UK author captures life of Ghetto Classics musicians
Friday March 17 2023
There are very few musicians in the world who have had the privilege to play privately for former US President Barack Obama.
So, when Tracy Akinyi Ogutu, a clarinettist who was among six musicians from the Ghetto Classics orchestra that performed for Mr Obama during his last visit to Kenya in 2018, told her friends about it, they mocked her: “You have been watching too many movies.”
That rare opportunity was captured in a photograph that hangs on the wall of the Ghetto Classics office at St John’s in Korogocho, Nairobi with Mr Obama facing the musicians whose backs are turned to the camera. Tracy jokingly calls it the “butt photo.”
Such stories of how a music project has transformed the lives of a generation of youth living in squalor on the edge of Nairobi’s largest garbage dump are revealed in a new book Ghetto Classics: How A Youth Orchestra Changed a Nairobi Slum launched in Nairobi last week.
It has taken Ginanne Brownell, a London-based writer for the New York Times, six and a half years, nine trips to Kenya, and multiple interviews across three continents to complete the project that started fortuitously.
In August 2016, Ms Brownell was in Nairobi after a trip to Tanzania researching a story about girls’ education when she decided to check out the classical music scene in the city.
She contacted Elizabeth Njoroge, founder of Ghetto Classics (GC), about writing an article on the youth orchestra based at St John’s the community centre, church, and school in Korogocho.
But, as Ms Brownell recalls, even after the New York Times piece was published, there was a deeper story to be told.
“I was sitting with a girlfriend at a café in Noting Hill, London, telling her about my experience at GC and she said, “That’s your book right there because the story has all the things you are passionate about: music, education, development, and empowerment of girls.”
The author weaves the experiences of different characters whose lives vividly illustrate the challenges in a community beset by deprivation, crime, substance abuse, and sexual and gender-based violence.
The teenagers that the author first met at the beginning of her project are now confident, independent, young adults.
Simon Mungai was a 15-year-old who had never touched a musical instrument, but today is a trombonist and third-year medical student at the University of Nairobi.
Celine Akumu has transformed from the 15-year-old ‘tall, graceful, shy girl’ who fell in love with the clarinet, to the confident, if a slightly emotional, young woman who read an excerpt from the book during the launch.
As Ms Njoroge joked during the event at the Muthaiga Country Club last week: “Celine has been to more countries than most people in this room.”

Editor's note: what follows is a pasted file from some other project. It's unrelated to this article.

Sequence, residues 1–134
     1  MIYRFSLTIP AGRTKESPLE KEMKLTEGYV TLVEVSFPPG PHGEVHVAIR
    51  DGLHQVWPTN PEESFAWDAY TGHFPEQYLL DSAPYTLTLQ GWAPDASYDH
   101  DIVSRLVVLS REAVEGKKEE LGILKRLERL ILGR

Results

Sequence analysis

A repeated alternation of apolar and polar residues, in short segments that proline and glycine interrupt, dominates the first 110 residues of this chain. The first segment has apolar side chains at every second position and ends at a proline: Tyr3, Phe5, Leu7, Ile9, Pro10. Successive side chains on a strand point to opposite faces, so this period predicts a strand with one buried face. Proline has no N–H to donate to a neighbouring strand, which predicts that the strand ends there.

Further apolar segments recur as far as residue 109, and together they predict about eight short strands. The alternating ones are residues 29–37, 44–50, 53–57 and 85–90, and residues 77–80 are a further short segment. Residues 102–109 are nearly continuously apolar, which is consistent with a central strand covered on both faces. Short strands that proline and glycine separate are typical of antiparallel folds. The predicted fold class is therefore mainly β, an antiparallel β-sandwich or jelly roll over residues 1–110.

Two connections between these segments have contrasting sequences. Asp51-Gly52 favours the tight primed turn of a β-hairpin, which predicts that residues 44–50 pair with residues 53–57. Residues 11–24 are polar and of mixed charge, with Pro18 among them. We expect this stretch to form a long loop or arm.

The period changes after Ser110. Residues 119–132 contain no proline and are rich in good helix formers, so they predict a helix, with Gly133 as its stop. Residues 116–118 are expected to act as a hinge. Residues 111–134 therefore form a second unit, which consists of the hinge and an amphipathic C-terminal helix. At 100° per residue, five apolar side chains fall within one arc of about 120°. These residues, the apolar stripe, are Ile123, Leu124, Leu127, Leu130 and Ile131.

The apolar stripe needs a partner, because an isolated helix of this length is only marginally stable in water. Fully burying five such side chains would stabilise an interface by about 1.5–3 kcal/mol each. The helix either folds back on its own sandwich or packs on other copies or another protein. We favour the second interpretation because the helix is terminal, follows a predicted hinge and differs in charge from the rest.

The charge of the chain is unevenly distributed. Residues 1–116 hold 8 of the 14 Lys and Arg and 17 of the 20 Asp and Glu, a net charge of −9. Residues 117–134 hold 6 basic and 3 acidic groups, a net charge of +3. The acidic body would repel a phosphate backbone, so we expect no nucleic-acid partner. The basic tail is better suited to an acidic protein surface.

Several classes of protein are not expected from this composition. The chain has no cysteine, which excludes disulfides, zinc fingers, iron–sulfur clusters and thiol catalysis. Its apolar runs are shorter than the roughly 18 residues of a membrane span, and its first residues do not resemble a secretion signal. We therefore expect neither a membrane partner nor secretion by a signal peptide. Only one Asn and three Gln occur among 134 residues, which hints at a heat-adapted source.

Kevin Obara overcame the trauma of losing six siblings and growing up in a home where his mother brewed and sold illicit drinks, and is now running his own company repairing musical instruments after an apprenticeship in Germany while studying for his university degree.
“I have seen poverty in Jakarta, Mumbai, but Koch [korogocho] with the dumpsite was just a difficult place. The first time you visit Koch feels like a sucker punch in your stomach,” Ms Brownell told the BDLife in Nairobi last weekend.
“The juxtaposition of finding children playing classical music in these surroundings is just too striking.”
“It is not just Western classical music, but they are using these classical instruments to play contemporary African songs like Malaika and Hapo Zamani.”
Mr Obama said their style was far beyond his expectations: “When I take Michelle to the opera, I would not hear that music. You guys know how to groove,” he told them after hearing their arrangement of Oliver Mtukudzi’s Todii in 2018.
The Polish composer and conductor JIMEK expanded the musical horizons of the ensemble when he first worked with them in 2017.
The violin does not just have to play Vivaldi and Beethoven, he told them, you can also play Tupac, 50 Cent, and Beyonce.
After that concert, a teary Bob Collymore, then Safaricom CEO, told Ms Njoroge that it was the best classical concert he had ever attended.
“It is not as if the boys and girls were not talented and ambitious; it is just that Liz gave them agency and capacity,” observes Ms Brownell.
“Liz was a conduit for the drive and ambition which was already there, and she provided the impetus for the Koch community using her capacity and network.
Even in crisis moments, there are often humorous anecdotes. Like when Celine could not immediately obtain a passport to travel to Scotland in 2014 because she didn’t have a birth certificate. “Why do you need that?” her mother asked Ms Njoroge. “You can see that she is alive.”
It is incredible how the youth who grew up with a world view confined to Korogocho are now able to tour the world, interact with internationally renowned musicians, and perform for global dignitaries, from President Obama to Pope Francis, and recently, US First Lady Dr Jill Biden.
Benjamin Wamocho the Art of Music, ensemble’s Music Director sums it up: “I believe that what we do here is bigger than me, bigger than Ms Njoroge. It is an idea whose time has come and I think GC will be around a long time after I have gone.”